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Universal history is the history of a few metaphors. ~ Jorge Luis Borges

Metaphors are literary figures of speech which use images, stories or tangible things to represent less tangible things or intangible qualities or ideas; unlike analogies, specific interpretations are not given explicitly, but both metaphor and analogy can employ symbols, or be used to develop them. Studies of how metaphors are used and develop are a major aspect of the discipline of semiotics.

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When you told me you used to chase tornados I always thought it was a metaphor! ~ Michael Crichton and Anne-Marie Martin, in Twister
Everything which distinguishes man from the animals depends upon this ability to volatilize perceptual metaphors in a schema, and thus to dissolve an image into a concept. ~ Friedrich Nietzsche
The drive toward the formation of metaphors is the fundamental human drive, which one cannot for a single instant dispense with in thought, for one would thereby dispense with man himself. ~ Friedrich Nietzsche
  • Universal history is the history of a few metaphors.
  • Metaphors and Similes are the beginning of the democratic system of envy.
  • The symbol and the metaphor are as necessary to science as to poetry. We are as helpless today to define mass, fundamentally, as Newton was. But we do not therefore think, and neither did he, that the equations which contain mass as an unknown are mere rules of thumb.



  • In the interpretation of figurative passages, let the following canon be observed. If the passage be preceptive, either forbidding some flagitious deed and some heinous crime, or commanding something useful and beneficent: then such passage is not figurative. But, if the passage seems, either to command some flagitious deed and some heinous crime, or to forbid something useful and beneficent: then such passage is figurative. Thus, for example, Christ says: Unless ye shall eat the flesh of the Son of man, and drink his blood; ye shall have no life in you. Now, in these words, he seems to command a heinous crime or a flagitious deed. Therefore the passage is a figure, enjoining us to communicate in the passion of our Lord, and admonishing us to lay it up sweetly and usefully in our memory because, for us, his flesh was crucified and wounded. On the other hand, Scripture says: If thy enemy shall hunger, give him food; if he shall thirst, give him drink. Here, without all doubt, an act of beneficence is enjoined.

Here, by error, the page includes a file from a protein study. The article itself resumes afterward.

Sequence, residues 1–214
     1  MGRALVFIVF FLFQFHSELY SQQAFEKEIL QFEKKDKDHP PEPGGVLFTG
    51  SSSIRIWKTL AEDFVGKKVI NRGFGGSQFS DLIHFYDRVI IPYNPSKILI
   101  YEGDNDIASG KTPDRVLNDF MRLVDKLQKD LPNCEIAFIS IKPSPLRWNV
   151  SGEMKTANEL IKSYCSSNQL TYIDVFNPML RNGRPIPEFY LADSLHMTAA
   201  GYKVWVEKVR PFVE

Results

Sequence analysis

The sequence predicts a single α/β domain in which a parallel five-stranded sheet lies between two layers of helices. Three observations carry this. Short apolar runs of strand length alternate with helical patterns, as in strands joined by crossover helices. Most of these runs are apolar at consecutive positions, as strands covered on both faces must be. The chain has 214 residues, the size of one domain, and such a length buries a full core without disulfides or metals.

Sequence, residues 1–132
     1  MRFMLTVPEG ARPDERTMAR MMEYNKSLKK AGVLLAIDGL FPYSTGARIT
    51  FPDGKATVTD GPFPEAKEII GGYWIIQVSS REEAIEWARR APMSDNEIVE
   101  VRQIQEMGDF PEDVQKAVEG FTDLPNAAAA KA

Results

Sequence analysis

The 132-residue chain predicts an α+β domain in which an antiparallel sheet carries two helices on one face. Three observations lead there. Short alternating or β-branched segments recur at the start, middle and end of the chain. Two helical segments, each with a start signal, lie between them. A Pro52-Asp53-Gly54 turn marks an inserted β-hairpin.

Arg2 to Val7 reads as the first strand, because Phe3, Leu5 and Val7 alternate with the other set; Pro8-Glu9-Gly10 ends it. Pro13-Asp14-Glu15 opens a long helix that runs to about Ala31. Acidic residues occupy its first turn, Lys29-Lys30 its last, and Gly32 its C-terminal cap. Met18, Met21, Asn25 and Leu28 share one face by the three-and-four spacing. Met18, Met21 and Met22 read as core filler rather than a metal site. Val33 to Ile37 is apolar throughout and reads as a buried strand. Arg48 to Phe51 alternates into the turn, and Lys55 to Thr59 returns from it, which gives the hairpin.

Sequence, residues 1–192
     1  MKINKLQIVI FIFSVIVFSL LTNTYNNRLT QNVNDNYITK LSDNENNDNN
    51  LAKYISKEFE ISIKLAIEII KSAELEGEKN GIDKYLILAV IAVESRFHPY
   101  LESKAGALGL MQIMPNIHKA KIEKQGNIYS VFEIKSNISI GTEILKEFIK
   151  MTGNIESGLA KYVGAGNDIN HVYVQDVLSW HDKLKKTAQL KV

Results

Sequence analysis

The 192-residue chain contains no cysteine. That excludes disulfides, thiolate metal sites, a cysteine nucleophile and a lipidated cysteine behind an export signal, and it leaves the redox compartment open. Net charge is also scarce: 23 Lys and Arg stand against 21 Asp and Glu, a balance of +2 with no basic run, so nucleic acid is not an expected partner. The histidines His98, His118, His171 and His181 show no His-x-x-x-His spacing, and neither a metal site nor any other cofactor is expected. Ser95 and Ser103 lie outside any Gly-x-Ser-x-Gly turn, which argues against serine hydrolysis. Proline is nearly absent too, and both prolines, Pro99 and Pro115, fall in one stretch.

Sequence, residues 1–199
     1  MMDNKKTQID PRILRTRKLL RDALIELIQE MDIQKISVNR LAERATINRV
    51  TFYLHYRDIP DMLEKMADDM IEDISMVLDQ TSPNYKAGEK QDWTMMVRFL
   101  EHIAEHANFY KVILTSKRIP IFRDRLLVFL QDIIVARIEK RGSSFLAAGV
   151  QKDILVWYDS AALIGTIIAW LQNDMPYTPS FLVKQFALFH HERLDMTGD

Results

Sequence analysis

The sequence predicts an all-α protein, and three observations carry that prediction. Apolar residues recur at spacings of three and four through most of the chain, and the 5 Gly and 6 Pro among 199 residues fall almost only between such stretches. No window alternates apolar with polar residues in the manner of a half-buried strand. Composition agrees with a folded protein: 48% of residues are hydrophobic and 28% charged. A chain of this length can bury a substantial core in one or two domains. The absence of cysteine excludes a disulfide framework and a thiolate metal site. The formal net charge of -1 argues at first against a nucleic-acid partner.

• George Stanley Faber, Christ's Discourse at Capernaum: Fatal to the Doctrine of Transubstantiation (1840), pp. 147-149.


  • Metaphors hide in plain sight, and their influence is largely unconscious. We should mind our metaphors, though, because metaphors make up our minds.
    • James Geary, American journalist and author, in "Metaphors in Mind", at The Macmillan Dictionary blog (11 April 2011).
  • The progress of science requires more than new data; it needs novel frameworks and contexts. And where do these fundamentally new views of the world arise? They are not simply discovered by pure observation; they require new modes of thought. And where can we find them, if old modes do not even include the right metaphors? The nature of true genius must lie in the elusive capacity to construct these new modes from apparent darkness. The basic chanciness and unpredictability of science must also reside in the inherent difficulty of such a task.